A Good, Down Dog

It’s fairly well-known that I’ll go to almost any length to avoid the medical system. I strengthened a knee rather than have a severed ACL repaired. I found a natural solution to the chronic diverticulitis that my then doctor wanted to have operated on. I drink enough water every day to start growing gills, all to avoid a recurrence of a passing kidney stone. I floss to avoid gum disease. And I found a dentist who built a clip-in tooth last used in the mid-20th century, all to avoid having two healthy molars ground down to nothing to make the “bridge” that everyone recommended.

Now, owing to doing lots of manual labor, mainly hauling heavy rocks (to build stone walls), digging holes to plant trees, and other gardening-related activity, my back hurts, not skeletally but the muscles. It was hurting enough the other day that I started calling around (but not to doctors) to find out what I could do.

A friend recommended yoga. But not the yoga I had experienced a few times over the past two decades. The type I was forced to do by one or another of my prior girlfriends who I’d have to follow to a “yoga studio” where I’d spend an hour sweating my balls off and falling over in every possible direction. Not the group yoga that a muscular but somewhat inflexible guy is embarrassed to do and gets no real results from. The friend — a chiropractor I trust — recommended private yoga sessions geared to my problems and abilities.  Specifically, he recommended a yoga instructor named Karen Yat.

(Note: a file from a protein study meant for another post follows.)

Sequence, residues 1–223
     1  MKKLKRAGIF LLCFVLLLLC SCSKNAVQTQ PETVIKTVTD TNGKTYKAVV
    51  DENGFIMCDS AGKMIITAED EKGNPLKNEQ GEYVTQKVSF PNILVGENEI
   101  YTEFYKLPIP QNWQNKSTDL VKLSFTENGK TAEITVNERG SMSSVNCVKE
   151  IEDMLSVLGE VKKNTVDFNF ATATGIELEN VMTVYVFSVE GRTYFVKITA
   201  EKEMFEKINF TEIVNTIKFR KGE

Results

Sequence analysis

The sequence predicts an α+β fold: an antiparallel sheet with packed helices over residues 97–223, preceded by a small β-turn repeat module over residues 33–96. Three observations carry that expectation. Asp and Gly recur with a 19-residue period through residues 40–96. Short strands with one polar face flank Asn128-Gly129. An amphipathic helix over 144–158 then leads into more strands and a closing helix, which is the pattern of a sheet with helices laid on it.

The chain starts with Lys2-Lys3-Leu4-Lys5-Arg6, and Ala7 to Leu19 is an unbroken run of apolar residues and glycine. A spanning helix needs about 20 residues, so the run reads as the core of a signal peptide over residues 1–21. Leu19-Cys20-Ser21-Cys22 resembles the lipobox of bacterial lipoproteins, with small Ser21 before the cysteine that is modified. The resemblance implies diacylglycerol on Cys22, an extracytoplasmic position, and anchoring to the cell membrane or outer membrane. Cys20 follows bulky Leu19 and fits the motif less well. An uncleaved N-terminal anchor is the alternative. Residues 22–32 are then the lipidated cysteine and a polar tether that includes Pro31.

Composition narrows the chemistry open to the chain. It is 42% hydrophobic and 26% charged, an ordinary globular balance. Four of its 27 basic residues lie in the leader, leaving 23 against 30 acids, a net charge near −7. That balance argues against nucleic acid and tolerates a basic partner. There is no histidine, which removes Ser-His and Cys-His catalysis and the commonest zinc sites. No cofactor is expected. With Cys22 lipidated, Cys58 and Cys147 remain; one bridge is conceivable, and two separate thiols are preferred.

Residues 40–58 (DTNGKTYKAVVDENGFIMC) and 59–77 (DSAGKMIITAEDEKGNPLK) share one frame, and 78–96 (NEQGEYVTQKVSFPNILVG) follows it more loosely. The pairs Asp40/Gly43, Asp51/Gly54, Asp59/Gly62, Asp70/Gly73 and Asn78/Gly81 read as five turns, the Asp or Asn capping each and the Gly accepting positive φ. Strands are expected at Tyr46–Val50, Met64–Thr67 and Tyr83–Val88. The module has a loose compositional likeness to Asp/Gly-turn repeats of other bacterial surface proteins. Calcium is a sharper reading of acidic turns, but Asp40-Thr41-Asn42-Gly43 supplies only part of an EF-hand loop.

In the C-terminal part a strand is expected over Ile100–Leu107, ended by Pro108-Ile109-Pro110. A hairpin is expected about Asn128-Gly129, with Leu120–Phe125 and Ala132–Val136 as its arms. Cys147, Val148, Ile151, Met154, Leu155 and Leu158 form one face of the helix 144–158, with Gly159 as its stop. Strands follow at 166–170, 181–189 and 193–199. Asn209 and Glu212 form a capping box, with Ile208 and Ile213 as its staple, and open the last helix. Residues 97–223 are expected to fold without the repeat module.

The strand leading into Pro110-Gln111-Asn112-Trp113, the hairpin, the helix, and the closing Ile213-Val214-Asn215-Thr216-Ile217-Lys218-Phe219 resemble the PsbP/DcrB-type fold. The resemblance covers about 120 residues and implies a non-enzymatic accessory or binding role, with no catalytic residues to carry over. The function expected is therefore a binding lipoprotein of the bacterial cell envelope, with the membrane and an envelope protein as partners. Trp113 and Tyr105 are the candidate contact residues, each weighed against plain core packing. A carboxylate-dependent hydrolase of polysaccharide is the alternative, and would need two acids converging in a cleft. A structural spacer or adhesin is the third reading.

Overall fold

I checked out Ms. Yat’s website and was encouraged. Her blog clearly explained the kinds of exercising that she promoted: healing, geared to the specific client. There was no mystery. Just a sensitive, thoughtful presentation of what she specialized in, by someone with years of experience, lots of relevant certifications, and lots of specific, glowing references from people who I could tell probably were discerning, each having consented to having their name, job title and company affiliation appear on her website.

I’m now three weeks into my once-a-week sessions with Karen. While I must admit that “down dog” remains my preferred position (next to resting), I already am experiencing significant, positive change. I no longer wake up wondering what my back is going to feel like; it doesn’t ache. I’m more limber. I’m able to sustain stretching positions I once fell out of almost immediately.  And judging from the quality of my stone walls, I’m even more creative and focused.

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